When I die I won't ask why. At the age I'll be, obviously, mortality will have its fill of me. But I wonder when I'm six feet under will I still hear thunder, will rain seep down and dampen me in my sleep? Will I hear footsteps above my head or hear words falsely said for the brand new dead?
I'll miss the bliss of sleep, knowing I'll awake to watch the sunlight creep into my sky, that I'll still be there to smile good-bye to a sunset rainbow hue that will return anew as a sunrise after all my days are through.
I'll miss tuning in on the morning news, any network that I choose, to tell me if my stocks are up or down and how much did I win or lose.
I'll I miss my favorite nurse who likes to listen to my verse. Will I start that awful cough on her day off when she's not here to comfort me? Will I die before I've said good-bye? Will she cry or just sigh and go her way?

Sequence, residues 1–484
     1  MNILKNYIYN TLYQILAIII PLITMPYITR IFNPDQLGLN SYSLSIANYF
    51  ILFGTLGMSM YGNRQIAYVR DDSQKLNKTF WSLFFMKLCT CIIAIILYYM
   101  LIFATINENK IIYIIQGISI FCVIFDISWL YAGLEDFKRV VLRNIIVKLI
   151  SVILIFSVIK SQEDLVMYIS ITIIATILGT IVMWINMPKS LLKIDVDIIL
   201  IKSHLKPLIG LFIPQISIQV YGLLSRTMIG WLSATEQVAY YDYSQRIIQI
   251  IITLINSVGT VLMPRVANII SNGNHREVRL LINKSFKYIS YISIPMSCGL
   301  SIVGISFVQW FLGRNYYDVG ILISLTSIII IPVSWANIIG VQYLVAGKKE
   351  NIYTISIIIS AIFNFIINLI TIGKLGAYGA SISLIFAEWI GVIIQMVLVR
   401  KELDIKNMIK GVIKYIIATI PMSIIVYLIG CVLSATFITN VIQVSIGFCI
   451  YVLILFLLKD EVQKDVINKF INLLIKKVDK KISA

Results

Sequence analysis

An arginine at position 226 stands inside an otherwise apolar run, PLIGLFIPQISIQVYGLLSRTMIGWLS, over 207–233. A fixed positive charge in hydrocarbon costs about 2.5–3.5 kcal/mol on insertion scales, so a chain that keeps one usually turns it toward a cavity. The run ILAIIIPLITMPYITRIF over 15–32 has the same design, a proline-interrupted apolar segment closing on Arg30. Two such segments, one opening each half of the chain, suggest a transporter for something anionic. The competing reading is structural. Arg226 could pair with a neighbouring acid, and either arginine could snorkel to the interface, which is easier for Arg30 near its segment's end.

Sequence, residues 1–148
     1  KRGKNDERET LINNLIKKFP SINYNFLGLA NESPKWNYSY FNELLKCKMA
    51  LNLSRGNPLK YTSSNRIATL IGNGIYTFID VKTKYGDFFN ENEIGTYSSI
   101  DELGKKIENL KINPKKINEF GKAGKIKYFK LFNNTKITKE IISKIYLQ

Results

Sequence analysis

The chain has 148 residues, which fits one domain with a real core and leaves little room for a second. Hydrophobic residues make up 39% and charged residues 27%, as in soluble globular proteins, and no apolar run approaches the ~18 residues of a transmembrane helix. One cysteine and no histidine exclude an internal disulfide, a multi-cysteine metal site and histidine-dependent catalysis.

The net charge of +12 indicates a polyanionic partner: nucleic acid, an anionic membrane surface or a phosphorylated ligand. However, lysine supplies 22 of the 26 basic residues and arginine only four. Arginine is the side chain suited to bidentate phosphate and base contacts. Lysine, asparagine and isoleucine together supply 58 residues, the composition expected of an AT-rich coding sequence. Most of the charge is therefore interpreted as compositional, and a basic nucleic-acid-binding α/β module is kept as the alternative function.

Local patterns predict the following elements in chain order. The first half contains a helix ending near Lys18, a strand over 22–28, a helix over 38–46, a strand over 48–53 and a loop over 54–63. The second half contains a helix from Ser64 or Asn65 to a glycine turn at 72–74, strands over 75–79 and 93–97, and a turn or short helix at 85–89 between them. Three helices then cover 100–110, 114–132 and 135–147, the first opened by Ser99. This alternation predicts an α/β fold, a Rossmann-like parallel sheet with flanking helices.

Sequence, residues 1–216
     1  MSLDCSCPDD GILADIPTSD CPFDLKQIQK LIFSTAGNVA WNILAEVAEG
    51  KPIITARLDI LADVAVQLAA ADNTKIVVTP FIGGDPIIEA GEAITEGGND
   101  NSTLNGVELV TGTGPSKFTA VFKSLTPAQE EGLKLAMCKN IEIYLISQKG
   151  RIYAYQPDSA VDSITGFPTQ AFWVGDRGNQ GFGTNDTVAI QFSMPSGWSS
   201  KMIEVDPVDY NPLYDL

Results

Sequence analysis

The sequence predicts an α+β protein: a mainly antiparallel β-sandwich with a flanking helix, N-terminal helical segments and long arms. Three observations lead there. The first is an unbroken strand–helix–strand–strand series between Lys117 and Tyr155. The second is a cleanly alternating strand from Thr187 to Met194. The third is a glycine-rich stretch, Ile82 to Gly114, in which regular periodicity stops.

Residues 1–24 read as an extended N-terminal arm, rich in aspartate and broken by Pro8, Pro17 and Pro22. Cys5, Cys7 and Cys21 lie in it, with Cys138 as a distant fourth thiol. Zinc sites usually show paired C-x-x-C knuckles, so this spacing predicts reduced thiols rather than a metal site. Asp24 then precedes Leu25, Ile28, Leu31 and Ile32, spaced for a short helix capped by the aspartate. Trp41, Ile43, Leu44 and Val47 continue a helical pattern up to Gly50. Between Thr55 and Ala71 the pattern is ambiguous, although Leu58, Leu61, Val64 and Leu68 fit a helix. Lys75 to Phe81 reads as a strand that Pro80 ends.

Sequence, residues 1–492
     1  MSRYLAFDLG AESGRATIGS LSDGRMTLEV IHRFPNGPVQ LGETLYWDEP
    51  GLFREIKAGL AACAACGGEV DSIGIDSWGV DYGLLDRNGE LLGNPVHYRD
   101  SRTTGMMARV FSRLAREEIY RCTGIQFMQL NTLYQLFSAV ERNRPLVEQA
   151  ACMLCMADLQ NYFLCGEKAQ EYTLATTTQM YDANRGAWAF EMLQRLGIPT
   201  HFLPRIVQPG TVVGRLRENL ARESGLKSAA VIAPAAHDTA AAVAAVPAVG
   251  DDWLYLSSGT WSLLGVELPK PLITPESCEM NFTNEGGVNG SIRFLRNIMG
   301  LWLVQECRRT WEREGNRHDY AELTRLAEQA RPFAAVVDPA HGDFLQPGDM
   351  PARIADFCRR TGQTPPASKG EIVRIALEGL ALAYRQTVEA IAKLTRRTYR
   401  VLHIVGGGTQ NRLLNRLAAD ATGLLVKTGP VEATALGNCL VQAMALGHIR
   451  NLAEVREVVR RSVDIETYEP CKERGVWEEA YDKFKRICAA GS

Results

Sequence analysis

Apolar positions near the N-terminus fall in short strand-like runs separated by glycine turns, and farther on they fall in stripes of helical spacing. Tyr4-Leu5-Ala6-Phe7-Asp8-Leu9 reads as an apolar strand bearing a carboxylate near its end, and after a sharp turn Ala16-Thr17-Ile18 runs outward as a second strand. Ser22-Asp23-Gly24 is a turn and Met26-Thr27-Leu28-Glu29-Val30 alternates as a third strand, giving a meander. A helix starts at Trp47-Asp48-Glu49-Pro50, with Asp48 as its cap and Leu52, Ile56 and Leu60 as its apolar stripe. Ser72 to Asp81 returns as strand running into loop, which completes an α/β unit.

I'll miss my friends and family and hope they miss me now and then. I'll miss my kids and grandkids who I'll never see again. Will I soon be with my wife who waits for me in a place I hope is heavenly?
What will become of my writings when I am dead? Unpublished, most not ever unread. What my novels begun, left undone? My Page One by-lines in the press, highly praised but brought no big success. I did my best. Had my share of scoops, it's true. But what good did all that do? A moment's fame flickers like a dying flame.
Words hold power for just an hour or a day, then fade away. It's a shame. But that's the newspaper game. All this said, now that I am dead, let this be my obituary. Now have a laugh as you read my epitaph:
When I die do not cry. Just turn and walk away.
I want to be alone so I can quietly decay.
ED (WEGADS) WEILAND - 1923 - 2012